7th Circuit: Obama’s defense of abortion pill mandate ‘unsound and extraordinary’
Attorney sound bite: Matt Bowman
CHICAGO — The U.S. Court of Appeals for the 7th Circuit issued a strongly worded decision Friday that found the Obama administration’s abortion pill mandate to be in violation of federal religious liberty protections. The court called the administration’s argument that religious freedom disappears when doing business “unsound and extraordinary.”
The mandate forces employers, regardless of their religious or moral convictions, to provide insurance coverage for abortion-inducing drugs and devices, sterilization, and contraception under threat of heavy penalties.
“All Americans, including job creators, should be free to honor God and live according to their faith,” said Senior Legal Counsel Matt Bowman, who argued before the 7th Circuit in May. “The court’s decision joins the majority of other rulings on the mandate, which have found it to excessively conflict with our nation’s guarantee of religious freedom to all Americans. The decision rightly foresees the dangers of allowing government to have this kind of power. If the government can force family business owners to act contrary to their deepest convictions under the threat of fining them out of business, it is a danger to everybody.”
The decision suspends the mandate for two job creators, including a family-run auto lighting manufacturer represented by Alliance Defending Freedom attorneys and allied attorneys. In January, the 7th Circuit issued an order in Grote Industries v. Sebelius that temporarily stopped enforcement of the mandate until appeals could be resolved.
“We hold that the plaintiffs--the business owners and their companies--may challenge the mandate. We further hold that compelling them to cover these services substantially burdens their religious exercise rights…,” the 7th Circuit’s decision states. “On the government’s understanding of religious liberty, a Jewish restaurant operating for profit could be denied the right to observe Kosher dietary restrictions. That cannot be right. There is nothing inherently incompatible between religious exercise and profit-seeking.”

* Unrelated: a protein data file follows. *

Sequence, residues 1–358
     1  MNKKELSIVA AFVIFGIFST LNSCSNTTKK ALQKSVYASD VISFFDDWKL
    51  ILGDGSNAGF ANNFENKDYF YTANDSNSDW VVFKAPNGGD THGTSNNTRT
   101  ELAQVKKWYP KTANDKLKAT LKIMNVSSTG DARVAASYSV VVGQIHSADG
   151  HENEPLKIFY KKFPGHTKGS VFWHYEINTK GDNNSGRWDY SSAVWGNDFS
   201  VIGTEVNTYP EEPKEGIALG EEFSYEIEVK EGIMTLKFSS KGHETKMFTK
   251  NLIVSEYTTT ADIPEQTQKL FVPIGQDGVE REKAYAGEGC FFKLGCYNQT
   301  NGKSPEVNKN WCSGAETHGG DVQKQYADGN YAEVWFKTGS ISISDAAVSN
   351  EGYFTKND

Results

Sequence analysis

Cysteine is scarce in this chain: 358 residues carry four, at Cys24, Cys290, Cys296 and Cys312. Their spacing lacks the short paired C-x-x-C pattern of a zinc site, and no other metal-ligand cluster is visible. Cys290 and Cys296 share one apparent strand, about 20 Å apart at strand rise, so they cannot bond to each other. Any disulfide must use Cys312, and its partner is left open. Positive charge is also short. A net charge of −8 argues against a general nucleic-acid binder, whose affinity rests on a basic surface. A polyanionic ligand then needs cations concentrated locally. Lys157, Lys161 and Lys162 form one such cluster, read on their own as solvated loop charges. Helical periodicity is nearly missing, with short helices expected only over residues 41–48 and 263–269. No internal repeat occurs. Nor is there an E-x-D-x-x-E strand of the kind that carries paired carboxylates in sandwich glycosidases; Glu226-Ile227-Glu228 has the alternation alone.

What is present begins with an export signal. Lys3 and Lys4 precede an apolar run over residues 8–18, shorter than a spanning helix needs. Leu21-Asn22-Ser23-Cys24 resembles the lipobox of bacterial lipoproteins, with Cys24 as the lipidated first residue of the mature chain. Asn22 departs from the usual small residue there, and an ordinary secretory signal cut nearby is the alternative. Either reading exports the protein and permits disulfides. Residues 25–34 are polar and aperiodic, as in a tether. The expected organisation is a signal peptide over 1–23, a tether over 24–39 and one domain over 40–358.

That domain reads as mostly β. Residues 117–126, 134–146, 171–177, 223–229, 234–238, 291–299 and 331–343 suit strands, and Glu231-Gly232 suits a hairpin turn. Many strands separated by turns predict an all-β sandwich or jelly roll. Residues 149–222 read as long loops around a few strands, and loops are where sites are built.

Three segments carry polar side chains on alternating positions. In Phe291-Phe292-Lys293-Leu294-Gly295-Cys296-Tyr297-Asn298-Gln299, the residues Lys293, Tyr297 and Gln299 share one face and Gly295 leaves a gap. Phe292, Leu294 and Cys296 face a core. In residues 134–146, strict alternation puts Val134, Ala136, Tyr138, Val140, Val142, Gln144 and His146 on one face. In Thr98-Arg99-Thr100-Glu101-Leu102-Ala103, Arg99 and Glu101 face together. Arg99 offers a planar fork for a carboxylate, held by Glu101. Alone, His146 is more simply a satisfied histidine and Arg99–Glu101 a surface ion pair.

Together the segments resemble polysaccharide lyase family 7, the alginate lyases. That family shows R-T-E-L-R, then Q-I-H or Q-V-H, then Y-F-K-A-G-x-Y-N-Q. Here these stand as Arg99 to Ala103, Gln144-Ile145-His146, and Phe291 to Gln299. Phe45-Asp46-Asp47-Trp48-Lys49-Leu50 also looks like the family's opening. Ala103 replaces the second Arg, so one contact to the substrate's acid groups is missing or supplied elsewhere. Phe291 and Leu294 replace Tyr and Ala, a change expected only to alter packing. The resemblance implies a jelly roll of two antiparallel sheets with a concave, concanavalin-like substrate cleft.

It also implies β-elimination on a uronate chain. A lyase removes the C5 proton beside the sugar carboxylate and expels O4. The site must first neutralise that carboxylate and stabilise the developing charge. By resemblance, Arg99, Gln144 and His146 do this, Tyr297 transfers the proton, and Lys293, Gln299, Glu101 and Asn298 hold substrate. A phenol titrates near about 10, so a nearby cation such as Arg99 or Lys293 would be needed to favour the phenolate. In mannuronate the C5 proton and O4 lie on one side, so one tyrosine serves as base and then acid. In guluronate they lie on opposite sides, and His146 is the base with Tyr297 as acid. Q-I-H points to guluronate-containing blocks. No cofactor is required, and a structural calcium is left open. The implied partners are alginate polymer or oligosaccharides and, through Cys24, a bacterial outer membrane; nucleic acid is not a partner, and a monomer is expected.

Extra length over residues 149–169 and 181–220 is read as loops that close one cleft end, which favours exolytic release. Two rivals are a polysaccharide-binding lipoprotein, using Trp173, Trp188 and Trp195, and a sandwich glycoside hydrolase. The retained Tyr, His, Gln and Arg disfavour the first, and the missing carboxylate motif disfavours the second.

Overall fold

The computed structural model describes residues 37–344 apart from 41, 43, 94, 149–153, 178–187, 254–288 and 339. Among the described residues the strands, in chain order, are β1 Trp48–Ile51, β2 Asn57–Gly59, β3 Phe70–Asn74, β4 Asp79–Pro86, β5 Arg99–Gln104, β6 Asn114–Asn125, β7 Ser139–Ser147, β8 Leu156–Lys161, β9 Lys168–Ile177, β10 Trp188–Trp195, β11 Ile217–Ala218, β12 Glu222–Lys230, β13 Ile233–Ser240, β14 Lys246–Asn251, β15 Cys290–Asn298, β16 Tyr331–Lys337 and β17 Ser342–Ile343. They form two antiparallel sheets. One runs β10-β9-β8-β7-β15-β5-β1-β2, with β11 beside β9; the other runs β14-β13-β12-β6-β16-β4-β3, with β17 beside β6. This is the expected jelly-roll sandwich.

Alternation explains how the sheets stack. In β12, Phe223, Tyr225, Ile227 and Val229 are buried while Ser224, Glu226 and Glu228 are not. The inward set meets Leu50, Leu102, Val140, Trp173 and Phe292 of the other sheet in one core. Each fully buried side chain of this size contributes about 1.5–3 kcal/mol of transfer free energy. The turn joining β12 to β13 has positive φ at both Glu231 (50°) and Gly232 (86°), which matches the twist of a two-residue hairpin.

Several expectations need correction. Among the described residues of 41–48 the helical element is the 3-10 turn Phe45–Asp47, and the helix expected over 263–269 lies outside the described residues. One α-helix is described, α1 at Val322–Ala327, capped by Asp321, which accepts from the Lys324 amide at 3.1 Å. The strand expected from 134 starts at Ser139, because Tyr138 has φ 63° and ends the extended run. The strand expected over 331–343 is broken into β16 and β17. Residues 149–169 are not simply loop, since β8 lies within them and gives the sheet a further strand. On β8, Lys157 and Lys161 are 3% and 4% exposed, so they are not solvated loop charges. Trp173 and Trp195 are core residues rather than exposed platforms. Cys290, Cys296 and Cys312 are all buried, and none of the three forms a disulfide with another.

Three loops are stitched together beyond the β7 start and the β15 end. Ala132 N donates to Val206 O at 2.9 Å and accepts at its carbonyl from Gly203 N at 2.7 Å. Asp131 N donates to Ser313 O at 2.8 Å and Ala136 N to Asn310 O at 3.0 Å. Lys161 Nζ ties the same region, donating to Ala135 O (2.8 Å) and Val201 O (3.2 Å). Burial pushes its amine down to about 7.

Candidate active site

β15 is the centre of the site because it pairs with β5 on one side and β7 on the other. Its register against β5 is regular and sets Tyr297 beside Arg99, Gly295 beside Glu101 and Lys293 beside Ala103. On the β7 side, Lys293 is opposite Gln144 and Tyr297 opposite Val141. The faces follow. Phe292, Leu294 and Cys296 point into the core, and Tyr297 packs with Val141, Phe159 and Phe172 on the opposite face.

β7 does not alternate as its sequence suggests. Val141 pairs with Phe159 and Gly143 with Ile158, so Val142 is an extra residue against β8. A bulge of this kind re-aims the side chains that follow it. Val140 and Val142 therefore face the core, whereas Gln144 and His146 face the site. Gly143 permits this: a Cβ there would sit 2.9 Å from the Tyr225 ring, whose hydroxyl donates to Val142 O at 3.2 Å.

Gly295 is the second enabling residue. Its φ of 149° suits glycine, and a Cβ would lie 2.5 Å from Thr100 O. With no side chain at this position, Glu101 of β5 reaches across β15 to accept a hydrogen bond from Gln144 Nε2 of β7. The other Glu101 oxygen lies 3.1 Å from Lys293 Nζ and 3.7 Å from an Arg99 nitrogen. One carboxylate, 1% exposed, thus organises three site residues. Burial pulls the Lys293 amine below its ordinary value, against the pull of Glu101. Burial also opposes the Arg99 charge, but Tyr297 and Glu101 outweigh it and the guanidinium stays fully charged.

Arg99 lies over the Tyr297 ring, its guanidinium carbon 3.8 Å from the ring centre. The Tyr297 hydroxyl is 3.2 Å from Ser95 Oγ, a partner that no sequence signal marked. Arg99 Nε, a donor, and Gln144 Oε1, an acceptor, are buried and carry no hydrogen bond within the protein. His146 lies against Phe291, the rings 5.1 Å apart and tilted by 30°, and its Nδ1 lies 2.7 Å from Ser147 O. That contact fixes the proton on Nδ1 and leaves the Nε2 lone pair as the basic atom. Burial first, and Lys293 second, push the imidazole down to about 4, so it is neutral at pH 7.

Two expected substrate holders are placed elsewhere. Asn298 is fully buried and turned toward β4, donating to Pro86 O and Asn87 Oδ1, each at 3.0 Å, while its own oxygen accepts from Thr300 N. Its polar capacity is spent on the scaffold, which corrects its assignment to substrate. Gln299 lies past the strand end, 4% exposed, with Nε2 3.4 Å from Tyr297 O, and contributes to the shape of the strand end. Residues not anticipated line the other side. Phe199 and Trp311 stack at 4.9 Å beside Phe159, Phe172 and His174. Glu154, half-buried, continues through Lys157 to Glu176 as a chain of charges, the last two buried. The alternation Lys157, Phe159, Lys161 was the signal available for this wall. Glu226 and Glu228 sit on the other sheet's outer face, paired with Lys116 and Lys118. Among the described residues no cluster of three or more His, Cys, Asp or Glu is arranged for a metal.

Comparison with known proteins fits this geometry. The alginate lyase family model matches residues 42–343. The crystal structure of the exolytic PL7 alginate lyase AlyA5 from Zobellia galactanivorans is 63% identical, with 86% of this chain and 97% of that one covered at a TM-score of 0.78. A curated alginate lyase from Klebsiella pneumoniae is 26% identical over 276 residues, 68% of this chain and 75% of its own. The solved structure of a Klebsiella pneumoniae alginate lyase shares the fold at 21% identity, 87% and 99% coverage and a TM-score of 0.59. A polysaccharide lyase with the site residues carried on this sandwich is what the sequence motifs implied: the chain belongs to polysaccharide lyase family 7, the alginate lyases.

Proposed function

Grote Industries, based in Madison, Ind. and founded in 1901 by William Grote, is a leading manufacturer and marketer of vehicle lighting and safety systems and operates in multiple countries in North America, Europe, and Asia.
Mike Wilkins, one of nearly 2,300 attorneys allied with Alliance Defending Freedom, represents Grote Industries together with allied attorney Michael Cork, also of Indianapolis. Alliance Defending Freedom attorneys are co-counsel in the case. Allied attorney Bryan Beauman is local counsel.
Alliance Defending Freedom attorneys and allied attorneys are litigating 14 other lawsuits against the mandate. The lawsuits represent a large cross-section of Protestants and Catholics who object to the mandate.
- Pronunciation guide: Grote (GROW’-tee), Bowman (BOH’-min), Beauman (BOH’-min)
Alliance Defending Freedom is an alliance-building, non-profit legal organization that advocates for the right of people to freely live out their faith.
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